argument. If the type is variable, the keyword 'var' will be
used. If only a string is appropriate, the keyword 'string'
will be used. If only an integer is appropriate, the keyword
'integer' will be used. If the argument is declared as
'string' or 'integer' and a value of a different type is
passed, the argument will be coerced with ToInteger() or
ToString(). Any failure on this coercion will cause an RTE (in
particular for ToInteger(), which will fail if its string-
valued argument is not a well-formed integer).

In the function prototype, if the '&' character precedes the
identifier for an argument, that argument may be modified by
the function (e.g., "integer &result, ...)"). Arguments
without the '&' character cannot be modified by the function.

In the function prototype, the '[' and ']' characters surround
arguments that are optional. In PolicyScript code, the
optional argument may only be included if all optional
arguments to the left of it are included. The function may
place restrictions on when an optional argument must, or must
not, be included.


9.1.  SNMP Accessor Functions

Two sets of SNMP Accessor functions are available with
different situations in mind:






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  - Convenience SNMP Functions

    In an effort to keep simple things simple, these functions are
    easy to use and promote easy to understand code. These functions
    will suffice for the majority of situations where a single
    variable is referenced and the desired error recovery is to simply
    (and immediately) give up (and move to the next policy-element
    combination). In more complex cases, the General SNMP Functions
    can be used at the cost of several times the code complexity.

    The convenience SNMP functions are getVar, exists, setVar,
    setRowStatus, createRow, counterRate and searchColumn.

  - General SNMP Functions

    The General SNMP functions allow nearly any legal SNMP Message to
    be generated, including those with multiple varbinds, getNext
    operations, notifications, and messages with explicit addressing
    or security specifications.

    The general SNMP functions are writeVar, readVar, snmpSend,
    readError and writeBulkParameters.


9.1.1.  SNMP Operations on Non-Local Systems

>From time to time, a script may need to perform an operation
on a different SNMP system than that which "this element"
resides on. Scripts may also need to specify the use of
alternate security parameters. In order to do this, the
following optional arguments are provided for the SNMP
accessor functions:

function(...[, integer mPModel,
               string tDomain, string tAddress,
               integer secModel, string secName,
               integer secLevel, string contextEngineID ])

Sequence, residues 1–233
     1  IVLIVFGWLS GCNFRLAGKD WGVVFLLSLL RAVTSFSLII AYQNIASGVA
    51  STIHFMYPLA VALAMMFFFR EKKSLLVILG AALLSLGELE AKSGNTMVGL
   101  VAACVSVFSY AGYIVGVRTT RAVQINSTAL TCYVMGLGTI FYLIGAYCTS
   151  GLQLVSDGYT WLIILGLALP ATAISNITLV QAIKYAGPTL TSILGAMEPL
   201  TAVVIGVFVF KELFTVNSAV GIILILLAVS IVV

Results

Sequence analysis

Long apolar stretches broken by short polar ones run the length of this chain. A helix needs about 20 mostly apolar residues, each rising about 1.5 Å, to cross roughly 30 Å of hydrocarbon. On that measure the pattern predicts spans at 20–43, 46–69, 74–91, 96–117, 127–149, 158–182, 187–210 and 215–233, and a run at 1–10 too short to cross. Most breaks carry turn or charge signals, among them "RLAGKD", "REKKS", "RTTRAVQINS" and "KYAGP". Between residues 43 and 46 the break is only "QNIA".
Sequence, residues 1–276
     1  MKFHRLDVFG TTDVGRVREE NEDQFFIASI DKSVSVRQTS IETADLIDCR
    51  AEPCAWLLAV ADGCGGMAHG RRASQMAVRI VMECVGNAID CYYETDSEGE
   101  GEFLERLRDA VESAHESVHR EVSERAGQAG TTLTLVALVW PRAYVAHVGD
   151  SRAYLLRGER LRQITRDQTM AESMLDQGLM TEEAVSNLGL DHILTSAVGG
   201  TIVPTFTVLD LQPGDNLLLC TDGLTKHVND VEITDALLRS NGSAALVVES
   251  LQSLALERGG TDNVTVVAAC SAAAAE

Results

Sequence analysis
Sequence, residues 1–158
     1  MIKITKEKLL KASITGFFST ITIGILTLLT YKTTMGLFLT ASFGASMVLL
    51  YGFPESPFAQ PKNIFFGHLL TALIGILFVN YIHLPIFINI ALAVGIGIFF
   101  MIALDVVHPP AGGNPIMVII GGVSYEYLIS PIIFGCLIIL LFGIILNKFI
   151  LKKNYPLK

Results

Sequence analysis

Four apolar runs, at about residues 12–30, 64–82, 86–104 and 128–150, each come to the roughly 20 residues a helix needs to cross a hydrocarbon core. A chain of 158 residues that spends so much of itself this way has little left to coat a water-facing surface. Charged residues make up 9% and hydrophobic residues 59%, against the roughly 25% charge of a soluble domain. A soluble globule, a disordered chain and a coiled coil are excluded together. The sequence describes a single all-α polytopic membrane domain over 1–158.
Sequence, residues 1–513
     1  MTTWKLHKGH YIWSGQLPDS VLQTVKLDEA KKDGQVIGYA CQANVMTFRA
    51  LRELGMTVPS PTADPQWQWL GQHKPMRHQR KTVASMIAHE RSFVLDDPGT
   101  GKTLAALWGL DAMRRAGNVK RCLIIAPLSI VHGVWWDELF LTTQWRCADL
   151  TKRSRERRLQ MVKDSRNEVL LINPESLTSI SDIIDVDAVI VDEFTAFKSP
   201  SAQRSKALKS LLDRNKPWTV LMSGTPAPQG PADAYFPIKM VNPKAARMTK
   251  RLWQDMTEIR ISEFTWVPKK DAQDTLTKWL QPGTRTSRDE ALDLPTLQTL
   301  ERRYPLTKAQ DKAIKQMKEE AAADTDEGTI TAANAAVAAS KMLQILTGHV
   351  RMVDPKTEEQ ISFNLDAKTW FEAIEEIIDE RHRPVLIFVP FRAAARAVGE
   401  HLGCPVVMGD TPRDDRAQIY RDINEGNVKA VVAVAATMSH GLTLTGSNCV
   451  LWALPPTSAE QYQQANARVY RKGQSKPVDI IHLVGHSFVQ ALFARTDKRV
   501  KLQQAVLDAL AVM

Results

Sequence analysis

'mPModel' is the integer value of the SnmpMessageProcessingModel
    to use for this operation.

    'tDomain' is a string containing an ASCII dotted-decimal
    object identifier representing the transport domain to use for
    this operation.






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    'tAddress' is a string containing the transport address
    formatted according to the 'tDomain' argument. The ascii formats
    for various values of 'tDomain' are as follows:
        snmpUDPDomain     As per DISPLAY-HINT for snmpUDPAddress
        snmpCLNSDomain    As per DISPLAY-HINT for snmpOSIAddress
        snmpCONSDomain    As per DISPLAY-HINT for snmpOSIAddress
        snmpDDPDomain     As per DISPLAY-HINT for snmpNBPAddress
        snmpIPXDomain     As per DISPLAY-HINT for snmpIPXAddress
        rfc1157Domain     As per DISPLAY-HINT for snmpUDPAddress
        Other             As per a DISPLAY-HINT of "1x:"

    'secModel' is the integer value of the SnmpSecurityModel to use
    for this operation.

    'secName' is a string value representing the SnmpSecurityName to
    use for this operation.

    'secLevel' is the integer value of the SnmpSecurityLevel to use
    for this operation.

    An SNMP operation will be sent to the target system using security
    parameters retrieved from a local configuration datastore based on
    'secModel', 'secName' and 'secLevel'. It is the responsibility of
    the agent to ensure that sensitive information in the local
    configuration datastore is used on behalf of the correct
    principals as identified by the security credentials of the last
    entity to modify any object in the condition or action for a
    policy.

    For convenience, constants for 'mPModel', 'secModel' and
    'secLevel' are defined in the "Constants" section below.

    'contextEngineID' is a string representing the contextEngineID of
    the SNMP entity to direct this operation at. If 'tDomain' and
    'tAddress' are provided but 'contextEngineID' is not provided,
    then the operation will be directed to the SNMP entity reachable
    at 'tDomain' and 'tAddress'.

    In order for PolicyScript code to use any of these arguments, all
    optional arguments to the left must be included. 'mPModel',
    'tDomain', 'tAddress', 'secModel', 'secName',  and 'secLevel'
    must be used as a group - if one is specified, they must all be
    specified. 'contextEngineID' may only be specified if all others
    are specified.






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    The use of these arguments is denoted in the function definitions
    below by the keyword 'NonLocalArgs'.


9.1.2.  Form of SNMP Values